Michelle:  Well, when I went to college, I didn't think I was going to be able to get into medical school because everyone said, well, you can't do the heart and lung exam, you're not going to be able to listen to the heart, listen to the lungs, etc. And so I went to pharmacy school instead and I thought, well, you know, I'd be able to do most of what I would have wanted to do in medicine.  And then I decided to apply to medical school and actually was able to get a special stethoscope made that would work with my hearing aids and allow me to hear the heart and lung sounds.  I had a couple of people when I interviewed at different medical schools that expressed concern and I brought up my disability and my personal statement talking about how it's helped me learn resilience and things like that. so overall I was able to kind of navigate through that. 

Michelle: The biggest challenge in medical school and then during COVID was in the operating room.  When people wear masks, that makes it impossible to read lips.  Now they have clear plastic masks.  But when I was in medical school, they didn't.  During COVID when I was at work, it made it really hard and I would have to say you know multiple times a day you're going to have to pull down your mask so I can understand what you're saying.  And after saying that about the 80 time a day, every single day for three years, it's just gets hard.  COVID was a lot of things for a lot of people.  But it was particularly challenging for me because typically after I explain, hey, you have to put down your mask so I can hear you people try to just yell, but does nothing except stress me out more.   

Michelle: But now in the operating room we use the clear masks and I guess now that I'm in charge, I'm the one that's doing most of the talking instead of most of the listening. (Smile).  So that's a little bit easier.  And then in my clinic my patients are still masking because I'm an oncologist and my patients are all immunocompromised.   

Jennifer: Michelle, one of the reasons why I wanted you to be on this podcast is because you have such an amazing way of illustrating things with stories and providing visuals. And one of the examples that you shared with me before is the Spoon example. So talking about having to tell someone 80 times a day to remove their mask, also not being able to multitask like in a car with during a meeting, things that so many of us are able to do, can you use the spoon example to tell us how that how that affects you, your energy level, your daily life?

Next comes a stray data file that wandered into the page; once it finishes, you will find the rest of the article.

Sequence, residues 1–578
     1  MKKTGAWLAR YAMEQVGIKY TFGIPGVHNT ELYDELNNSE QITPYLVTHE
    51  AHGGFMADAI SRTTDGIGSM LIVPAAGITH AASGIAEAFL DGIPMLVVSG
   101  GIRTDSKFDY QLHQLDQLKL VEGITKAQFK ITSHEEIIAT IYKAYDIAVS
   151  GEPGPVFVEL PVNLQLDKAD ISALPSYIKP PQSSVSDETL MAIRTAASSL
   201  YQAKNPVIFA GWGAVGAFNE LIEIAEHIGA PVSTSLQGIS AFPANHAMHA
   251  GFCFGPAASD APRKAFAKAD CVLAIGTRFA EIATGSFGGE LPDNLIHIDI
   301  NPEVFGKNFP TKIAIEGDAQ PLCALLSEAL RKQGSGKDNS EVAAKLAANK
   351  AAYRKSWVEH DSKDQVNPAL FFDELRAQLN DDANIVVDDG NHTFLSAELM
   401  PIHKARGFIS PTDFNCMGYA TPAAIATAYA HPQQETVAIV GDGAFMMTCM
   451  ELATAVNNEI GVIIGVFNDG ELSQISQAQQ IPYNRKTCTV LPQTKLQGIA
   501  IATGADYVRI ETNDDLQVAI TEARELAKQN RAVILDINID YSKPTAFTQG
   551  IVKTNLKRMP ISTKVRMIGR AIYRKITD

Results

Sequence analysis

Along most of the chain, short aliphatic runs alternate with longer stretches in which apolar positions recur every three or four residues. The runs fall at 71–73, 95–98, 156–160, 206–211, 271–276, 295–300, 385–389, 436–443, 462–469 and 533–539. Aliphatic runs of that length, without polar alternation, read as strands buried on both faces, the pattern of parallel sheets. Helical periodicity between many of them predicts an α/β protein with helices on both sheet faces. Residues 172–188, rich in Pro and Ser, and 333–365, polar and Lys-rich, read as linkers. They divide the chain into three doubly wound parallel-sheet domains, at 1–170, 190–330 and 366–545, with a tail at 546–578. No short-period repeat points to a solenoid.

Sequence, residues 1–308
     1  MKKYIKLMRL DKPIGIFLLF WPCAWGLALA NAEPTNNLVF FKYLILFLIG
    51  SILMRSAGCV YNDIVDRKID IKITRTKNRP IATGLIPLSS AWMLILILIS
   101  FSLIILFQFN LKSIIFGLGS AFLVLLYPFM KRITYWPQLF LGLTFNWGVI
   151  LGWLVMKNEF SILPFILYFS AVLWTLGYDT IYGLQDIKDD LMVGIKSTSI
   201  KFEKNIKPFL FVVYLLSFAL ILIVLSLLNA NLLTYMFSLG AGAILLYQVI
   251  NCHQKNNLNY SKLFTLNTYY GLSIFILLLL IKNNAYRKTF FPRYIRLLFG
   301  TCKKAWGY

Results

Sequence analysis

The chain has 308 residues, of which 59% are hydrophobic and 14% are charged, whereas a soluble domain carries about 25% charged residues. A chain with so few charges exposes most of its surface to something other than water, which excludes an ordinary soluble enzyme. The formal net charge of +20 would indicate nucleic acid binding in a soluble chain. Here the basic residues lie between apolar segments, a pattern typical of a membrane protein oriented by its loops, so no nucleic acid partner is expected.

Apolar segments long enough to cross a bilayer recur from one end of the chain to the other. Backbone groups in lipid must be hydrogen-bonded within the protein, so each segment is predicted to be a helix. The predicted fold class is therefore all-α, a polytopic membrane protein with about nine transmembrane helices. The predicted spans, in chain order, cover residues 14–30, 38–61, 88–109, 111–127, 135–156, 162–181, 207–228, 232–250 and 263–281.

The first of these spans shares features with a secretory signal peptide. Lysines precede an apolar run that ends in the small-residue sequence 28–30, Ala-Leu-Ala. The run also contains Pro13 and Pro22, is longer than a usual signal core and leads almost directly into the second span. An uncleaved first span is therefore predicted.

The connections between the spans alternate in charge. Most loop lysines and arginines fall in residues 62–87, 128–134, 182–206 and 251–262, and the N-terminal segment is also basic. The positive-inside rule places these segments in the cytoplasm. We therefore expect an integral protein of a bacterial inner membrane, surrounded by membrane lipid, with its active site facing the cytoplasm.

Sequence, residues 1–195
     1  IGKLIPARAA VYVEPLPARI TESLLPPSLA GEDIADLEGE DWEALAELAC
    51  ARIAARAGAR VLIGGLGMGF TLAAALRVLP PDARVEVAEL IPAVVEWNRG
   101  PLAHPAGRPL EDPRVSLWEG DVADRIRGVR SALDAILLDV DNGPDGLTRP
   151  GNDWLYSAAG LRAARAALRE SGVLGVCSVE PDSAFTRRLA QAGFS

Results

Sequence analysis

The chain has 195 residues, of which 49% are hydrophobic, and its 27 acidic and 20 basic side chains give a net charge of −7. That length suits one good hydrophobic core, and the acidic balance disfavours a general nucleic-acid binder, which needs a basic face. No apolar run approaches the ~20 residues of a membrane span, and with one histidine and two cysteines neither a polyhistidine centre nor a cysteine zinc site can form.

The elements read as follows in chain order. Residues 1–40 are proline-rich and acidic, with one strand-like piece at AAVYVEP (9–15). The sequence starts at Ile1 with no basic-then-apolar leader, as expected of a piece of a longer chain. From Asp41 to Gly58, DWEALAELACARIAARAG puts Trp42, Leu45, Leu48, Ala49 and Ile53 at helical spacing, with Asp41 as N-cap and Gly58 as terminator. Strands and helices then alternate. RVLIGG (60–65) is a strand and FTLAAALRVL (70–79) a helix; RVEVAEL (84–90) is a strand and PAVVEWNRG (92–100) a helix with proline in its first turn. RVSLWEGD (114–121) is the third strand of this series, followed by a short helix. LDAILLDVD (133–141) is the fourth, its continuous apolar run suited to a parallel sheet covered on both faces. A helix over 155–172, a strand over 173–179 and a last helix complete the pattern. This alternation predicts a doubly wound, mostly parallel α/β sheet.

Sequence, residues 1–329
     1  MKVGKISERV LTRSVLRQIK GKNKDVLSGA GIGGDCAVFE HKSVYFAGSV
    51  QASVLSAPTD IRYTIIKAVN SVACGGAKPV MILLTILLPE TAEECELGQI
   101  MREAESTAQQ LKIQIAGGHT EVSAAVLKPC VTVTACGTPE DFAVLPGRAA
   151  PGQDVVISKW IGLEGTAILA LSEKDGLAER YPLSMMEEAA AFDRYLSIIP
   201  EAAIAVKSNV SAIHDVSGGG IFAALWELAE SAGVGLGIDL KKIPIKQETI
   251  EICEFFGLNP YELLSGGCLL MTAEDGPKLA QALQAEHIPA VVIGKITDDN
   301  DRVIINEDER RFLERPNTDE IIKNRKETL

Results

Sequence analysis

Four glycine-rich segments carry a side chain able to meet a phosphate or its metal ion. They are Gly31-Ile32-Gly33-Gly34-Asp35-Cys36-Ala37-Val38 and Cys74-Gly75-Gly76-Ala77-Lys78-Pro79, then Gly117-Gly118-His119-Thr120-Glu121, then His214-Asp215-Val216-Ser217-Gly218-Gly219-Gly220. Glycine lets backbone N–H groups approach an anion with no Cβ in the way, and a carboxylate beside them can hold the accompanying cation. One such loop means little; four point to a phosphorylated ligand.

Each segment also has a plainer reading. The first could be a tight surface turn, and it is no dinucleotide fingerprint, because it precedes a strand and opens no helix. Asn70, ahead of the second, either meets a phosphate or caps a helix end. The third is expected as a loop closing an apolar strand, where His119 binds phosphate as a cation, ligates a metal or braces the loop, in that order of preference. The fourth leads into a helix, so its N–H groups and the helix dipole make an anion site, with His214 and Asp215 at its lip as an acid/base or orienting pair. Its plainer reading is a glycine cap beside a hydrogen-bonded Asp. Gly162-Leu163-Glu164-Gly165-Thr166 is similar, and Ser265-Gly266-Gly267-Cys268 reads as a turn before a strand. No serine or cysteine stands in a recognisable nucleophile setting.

Michelle:  Yeah, so the spoon theory is a really, really good metaphor that talks about the amount of physical or mental energy that a person with a disability has available for daily activities and task.  So let's say you are given 12 spoons a day and as you complete each activity, you get a spoon taken away.  So, you know, for example, let's say I go to a conference. So I went to a conference during COVID because I had to present something and spent quite a bit of time, you know, trying to make sure I sit in the front of the room.  And then a lot of the speakers were still wearing their masks and people were trying to talk to me and so it took away more spoons so that by the end of the day when I still had, you know, dinner, and other evening activities, I would just be out of spoons. 

Michelle: And so you have two choices.  You can either be done with your day then or you can borrow a spoon from the next day, but then that leaves you short the next day. And so as an example so I'm getting ready to go to a conference next week in San Diego and it's a it's a big conference and I have to go present. But the spoon theory is something that I really have to be thoughtful about and be gentle with myself because by about day three of the conference I'm done. I get migraines, I'm tired and I'm cranky because it takes so much effort for me to go through the daily activities of going to that conference that somebody else might be able to, to kind of get through a little more effortlessly. 

Bryan:  So Michelle, the best way for other able people to be inclusive to people in the deaf community both personally and professionally, what is that best way? 

Michelle:  That is a good question. I think deafness is a little more common than we think it is. So about 13% of the population in the US have a hearing impairment and only one in five people that have a hearing impairment are adequately aided, meaning they have adequate hearing aids in order to help. So I think just recognizing that this is a little more common than we think and doing things like if you have a meeting, sending an e-mail summary of the meeting with action items in case somebody didn't catch everything on the meeting.  Making sure training videos for a company have closed captioning, making sure that captions are available for all platforms.  From a company perspective those are some things to focus on.  But really, again, just being thoughtful that it is a lot more common than we think it is. 

Michelle: And very often for older adults, it's such a gradual loss that they don't actually notice it.